The Mystery of the Burnt Cottage: How has Blyton’s original text fared in a modern edition?

On Monday I said that I would be comparing The Twins at St Clare’s. Only I discovered, at the last minute, that I had in fact already completed that back in May. I spent about five minutes going what am I going to do instead? as well as saying you idiot to myself. After that, I searched the spare room and found a very modern copy of The Mystery of the Burnt Cottage, kindly donated to the cause by Stef. So that is what I am going to look at instead!

My own copy is a Methuen from 1957, and is the 12th reprint/impression of the original edition. The new copy is the most modern of any paperbacks I have used so far, and is an Egmont copy from 2014.



Unusually there is no chapter list in the Methuen edition so I will just have to wait and see if any of the chapter headings are altered as I go along.

As with all previous books I have compared, hyphens have disappeared from a large number of phrases including half-past. Other separate words are joined – some one to someone. I’ve rarely see some one as two words.

Hallo is changed to hello each time, which makes their greetings sound awkwardly formal at times. Hallo sounds jolly and friendly, while hello can sound quite stiff. Lighted becomes lit (again this is usually the case, though both are correct).

Efforts seem to have been made to make the parents look less negligent. Larry and Daisy sneak out to see the cottage on fire, saying Mummy and Daddy are out, so they won’t notice their absence. It doesn’t say, however, that the children are home alone. Presumably the house-parlourmaid or cook would be there, given what we know about the Daykins from other books. Modern children would probably assume that there is a babysitter there.The Egmont edition reads Mummy and Daddy are busy, with the same line about them not noticing the children have gone out. To me, that sounds even worse! If your parents are home and yet don’t know that their two children have wandered off into the night…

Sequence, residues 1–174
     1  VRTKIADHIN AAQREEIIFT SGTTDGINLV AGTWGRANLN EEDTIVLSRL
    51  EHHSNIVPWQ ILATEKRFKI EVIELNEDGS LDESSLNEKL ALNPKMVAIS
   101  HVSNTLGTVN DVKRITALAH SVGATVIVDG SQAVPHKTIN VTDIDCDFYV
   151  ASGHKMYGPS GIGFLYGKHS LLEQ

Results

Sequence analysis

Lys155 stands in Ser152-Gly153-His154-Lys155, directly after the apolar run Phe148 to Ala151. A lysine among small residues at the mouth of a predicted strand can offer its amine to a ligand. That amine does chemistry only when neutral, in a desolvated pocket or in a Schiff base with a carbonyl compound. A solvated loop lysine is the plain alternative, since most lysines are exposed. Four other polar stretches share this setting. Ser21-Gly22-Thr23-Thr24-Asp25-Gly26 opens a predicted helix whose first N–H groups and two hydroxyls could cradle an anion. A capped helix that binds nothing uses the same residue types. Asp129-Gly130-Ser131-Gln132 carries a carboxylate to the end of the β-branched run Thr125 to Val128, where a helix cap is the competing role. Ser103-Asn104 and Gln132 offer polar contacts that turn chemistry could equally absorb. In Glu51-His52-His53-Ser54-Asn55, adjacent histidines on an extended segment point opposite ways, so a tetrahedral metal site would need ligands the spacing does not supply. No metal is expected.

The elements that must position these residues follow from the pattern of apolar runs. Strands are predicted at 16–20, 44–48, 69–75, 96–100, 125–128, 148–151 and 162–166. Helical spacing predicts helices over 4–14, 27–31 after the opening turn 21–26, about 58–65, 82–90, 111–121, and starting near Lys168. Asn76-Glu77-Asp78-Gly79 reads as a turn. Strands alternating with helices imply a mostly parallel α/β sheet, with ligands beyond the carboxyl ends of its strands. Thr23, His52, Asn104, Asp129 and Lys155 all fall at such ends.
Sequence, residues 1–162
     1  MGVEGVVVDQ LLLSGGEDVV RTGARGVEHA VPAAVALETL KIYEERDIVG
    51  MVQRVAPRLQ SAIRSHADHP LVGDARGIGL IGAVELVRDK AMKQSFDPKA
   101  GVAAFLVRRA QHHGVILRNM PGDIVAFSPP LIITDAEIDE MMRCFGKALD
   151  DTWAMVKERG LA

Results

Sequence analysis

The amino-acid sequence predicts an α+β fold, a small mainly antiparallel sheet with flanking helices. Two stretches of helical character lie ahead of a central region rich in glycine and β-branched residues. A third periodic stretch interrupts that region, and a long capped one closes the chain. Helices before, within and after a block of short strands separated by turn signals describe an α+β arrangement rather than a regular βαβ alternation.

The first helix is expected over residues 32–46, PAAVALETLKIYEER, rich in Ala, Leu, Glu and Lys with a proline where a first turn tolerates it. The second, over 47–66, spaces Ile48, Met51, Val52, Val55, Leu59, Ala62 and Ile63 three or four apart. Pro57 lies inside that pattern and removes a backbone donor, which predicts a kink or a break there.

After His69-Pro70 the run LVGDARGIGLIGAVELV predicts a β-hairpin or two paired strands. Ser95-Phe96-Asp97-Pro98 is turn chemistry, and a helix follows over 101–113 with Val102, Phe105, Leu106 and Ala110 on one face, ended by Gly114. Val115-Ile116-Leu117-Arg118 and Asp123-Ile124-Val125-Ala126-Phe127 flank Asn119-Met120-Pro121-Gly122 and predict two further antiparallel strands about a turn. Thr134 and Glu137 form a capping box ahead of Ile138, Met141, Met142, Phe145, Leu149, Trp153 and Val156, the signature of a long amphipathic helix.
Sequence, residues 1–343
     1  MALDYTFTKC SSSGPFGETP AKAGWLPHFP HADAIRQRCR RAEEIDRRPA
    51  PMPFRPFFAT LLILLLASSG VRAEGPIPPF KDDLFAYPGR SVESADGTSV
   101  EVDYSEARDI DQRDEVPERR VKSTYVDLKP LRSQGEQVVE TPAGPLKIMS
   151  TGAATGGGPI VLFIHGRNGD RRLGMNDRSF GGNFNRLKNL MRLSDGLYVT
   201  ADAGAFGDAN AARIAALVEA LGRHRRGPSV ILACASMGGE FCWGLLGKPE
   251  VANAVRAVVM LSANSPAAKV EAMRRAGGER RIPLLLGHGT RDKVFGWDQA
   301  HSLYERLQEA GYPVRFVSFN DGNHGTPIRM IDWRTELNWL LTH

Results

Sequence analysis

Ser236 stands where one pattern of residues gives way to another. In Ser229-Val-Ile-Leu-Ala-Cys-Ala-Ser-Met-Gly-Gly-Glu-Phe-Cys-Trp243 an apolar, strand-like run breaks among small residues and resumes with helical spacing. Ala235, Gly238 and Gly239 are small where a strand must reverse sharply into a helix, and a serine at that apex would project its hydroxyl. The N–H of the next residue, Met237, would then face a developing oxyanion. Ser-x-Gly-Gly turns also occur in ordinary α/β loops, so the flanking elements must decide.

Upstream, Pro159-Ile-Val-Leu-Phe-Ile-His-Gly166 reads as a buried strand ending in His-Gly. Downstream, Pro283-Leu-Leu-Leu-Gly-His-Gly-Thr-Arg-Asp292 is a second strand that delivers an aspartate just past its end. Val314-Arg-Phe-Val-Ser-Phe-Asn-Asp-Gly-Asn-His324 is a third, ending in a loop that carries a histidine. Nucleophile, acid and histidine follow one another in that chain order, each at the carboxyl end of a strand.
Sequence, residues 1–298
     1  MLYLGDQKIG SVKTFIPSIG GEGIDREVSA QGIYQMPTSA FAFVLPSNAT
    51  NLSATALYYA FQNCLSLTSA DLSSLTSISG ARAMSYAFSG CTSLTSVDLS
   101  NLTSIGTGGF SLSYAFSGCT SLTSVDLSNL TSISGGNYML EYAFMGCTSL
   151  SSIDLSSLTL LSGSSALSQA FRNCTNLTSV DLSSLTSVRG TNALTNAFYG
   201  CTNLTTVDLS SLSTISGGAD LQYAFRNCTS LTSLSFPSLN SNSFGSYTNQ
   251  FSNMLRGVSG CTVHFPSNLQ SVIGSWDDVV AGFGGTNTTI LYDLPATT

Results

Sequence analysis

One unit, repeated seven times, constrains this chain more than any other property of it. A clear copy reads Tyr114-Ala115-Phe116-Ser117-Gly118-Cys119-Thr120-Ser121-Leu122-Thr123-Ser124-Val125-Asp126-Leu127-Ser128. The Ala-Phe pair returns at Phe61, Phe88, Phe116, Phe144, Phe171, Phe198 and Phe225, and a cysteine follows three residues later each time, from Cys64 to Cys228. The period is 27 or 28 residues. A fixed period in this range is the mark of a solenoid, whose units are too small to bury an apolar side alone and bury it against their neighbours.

After that, they wonder if Mummy and Daddy are back yet. This has become if Mummy and Daddy are looking for us yet. Again, what’s wrong with two adults going out for a meal or a trip to the theatre? It never states the children were alone in the house.

Likewise, Fatty’s words about his parents have been ‘updated’ too. He said I’m all alone at that hotel originally, meaning that during the day he didn’t have any company. That’s become just I’ll be in the hotel. He also tells the others that his mother and father are out golfing all day. To ‘improve’ that, they have changed it to my mother and father will be out playing golf. So they are still leaving him; but only for some of the day. That’s better, isn’t it?

A couple of references to being fat have been removed (I suspect this will be a common theme). Mr Hick’s cook is originally described as  poor, fat, trembling, and the fat has been removed for the paperback. Fatty is also just a conceited creature, not a conceited fat creature now.


Lastly, the inn that Fatty’s staying in has been changed to hotel – though it is called a hotel by Fatty in both editions.


I was right about the fat issue. The children thought it was a shame that Buster had such a silly fat sausage for a master, now they think it’s a shame he had such a silly master.

 A couple of other lines are cut entirely :

  • the dog’s young master did look rather sausagey and fat.
  •  “I am rather fat, aren’t I?” he said. “I’ve an awful appetite , and I expect I eat too much.”
  •  He had already been Tubby and Sausage at school – now he would be Fatty in the holidays. 

Also, Daisy remarks that F-A-T describes you [Fatty] rather well. This is now it could be a nickname. When Fatty is called plump, conceited and stupid, it is changed to conceited and the rest.